Still Echoes of Their Screams.
Yo, this be Reuben. Taken me a while to review this one, eh. Ah well.
From the redneck lands of Virginia, Lamb of God have sent waves through the music scene with their face-kicking, pube-ripping metal since their breakthrough release, Laid to Rest. Since the late 90’s, this American metal band have nailed exactly the riff-meistering groove-thrash metal hybrid and VII: Sturm und Drang delivered another good record in their already awesome discography.
In this 2015 record, the metal is raw and heavy, as always. The band was in top form following the brilliance of Resolution, with Chris Adler again proving to be one of the very best drummers around, with his expertly crafted pounding beats taking hold of Sturm und Drang just as much as its predecessor.
Moreover, Randy Blythe is just as aggressive and stylistic as always, again, proving that he is one of the very best vocalists around. And although not quite so mind-numbingly amazing, the guitar and bass totally get the job done and more with their constant power — with some pretty neat guitar licks being added in for good measure.
Sturm und Drang is definitely a record with its highlights. In the brutal opening five tracks, we are given unrelenting and fantastically consistent groove machines to evoke all sorts of moshing and stupid grins. In particular, Still Echoes and 512 stand as the album’s perfect leading singles as they stand as a couple of the band’s best songs. Also, some may not appreciate it, but ol’ Chino Moreno (of Deftones fame) gives a luvly li’l vocal input in Embers, which works surprisingly well and stands as one of the best minute-and-a-half’s of the album.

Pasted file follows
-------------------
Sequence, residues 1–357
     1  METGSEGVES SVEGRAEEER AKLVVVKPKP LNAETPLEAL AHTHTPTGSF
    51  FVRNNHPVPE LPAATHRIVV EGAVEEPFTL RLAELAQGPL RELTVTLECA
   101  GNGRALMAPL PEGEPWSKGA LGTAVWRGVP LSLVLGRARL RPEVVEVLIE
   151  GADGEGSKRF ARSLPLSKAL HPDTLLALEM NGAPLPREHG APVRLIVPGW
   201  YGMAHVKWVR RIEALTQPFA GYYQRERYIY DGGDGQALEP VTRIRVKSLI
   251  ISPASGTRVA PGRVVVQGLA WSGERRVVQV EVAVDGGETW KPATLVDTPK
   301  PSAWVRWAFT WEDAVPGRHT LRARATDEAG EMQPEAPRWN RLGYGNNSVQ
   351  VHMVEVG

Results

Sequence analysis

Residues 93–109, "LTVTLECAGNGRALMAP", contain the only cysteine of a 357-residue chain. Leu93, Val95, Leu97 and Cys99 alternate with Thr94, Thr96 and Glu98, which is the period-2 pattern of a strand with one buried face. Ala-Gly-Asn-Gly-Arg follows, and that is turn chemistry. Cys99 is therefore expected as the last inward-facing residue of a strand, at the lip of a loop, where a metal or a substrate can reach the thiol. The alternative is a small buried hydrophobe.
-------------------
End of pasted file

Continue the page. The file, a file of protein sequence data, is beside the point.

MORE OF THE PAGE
However, after being graced with the mastery of Still Echoes through Footprints, we are met by what I think is Lamb of God‘s worst song to date, Overlord. I see exactly what they are doing with the song, as the slow western vibe has a lot of potential, but it just isn’t executed right; Blythe’s clean singing is wimpy, the melodic power that should be there just isn’t, and it is just a bit of a crappy mix match, as the transitions between quiet and heavy just don’t flow — I mean, the last two minutes or so could be a cool metal song in themselves as it kicks in, but as a part of Overlord it’s about as out of place as the rest of it. It’s just a bit crap, and 6 minutes long. Not worth it.
After that, it’s pretty much business as usual (as we are told in Engage the Fear Machine). Even so, whether it’s just the bitter taste from Overlord still lingering or not, I reckon the last few tracks are definitely weaker than the ones preceding that crappy milestone. Sure, Anthrapoid and the lot are heavy beasts themselves, but they don’t do anything spectacular and the melodies are noticeably weaker than in the album’s early gems.
The fact may be, though, that its the production talking here. It’s the worst thing about Sturm und Drang and it makes it all seem that little bit cheaper, as it’s a muffled and distant mix that’s their worst since those heady days of As the Palaces Burn. Some less mid-range and a bit more treble and I’m sure it could be forgiven, but this mix is poor and it brings the album down somewhat significantly.
At the end of the day, VII: Sturm und Drang ultimately represents a dip in quality for the band, especially since the awesomeness of Resolution, as with its poor mix and most prominently the presence of Overlord on the thing; but it remains a perfectly good listen with its bludgeoningly heavy riffs, expert delivery from Blythe and Adler, and a few real stand-out tracks on its first half. This won’t go down in history, but it’s certainly worth a listen.
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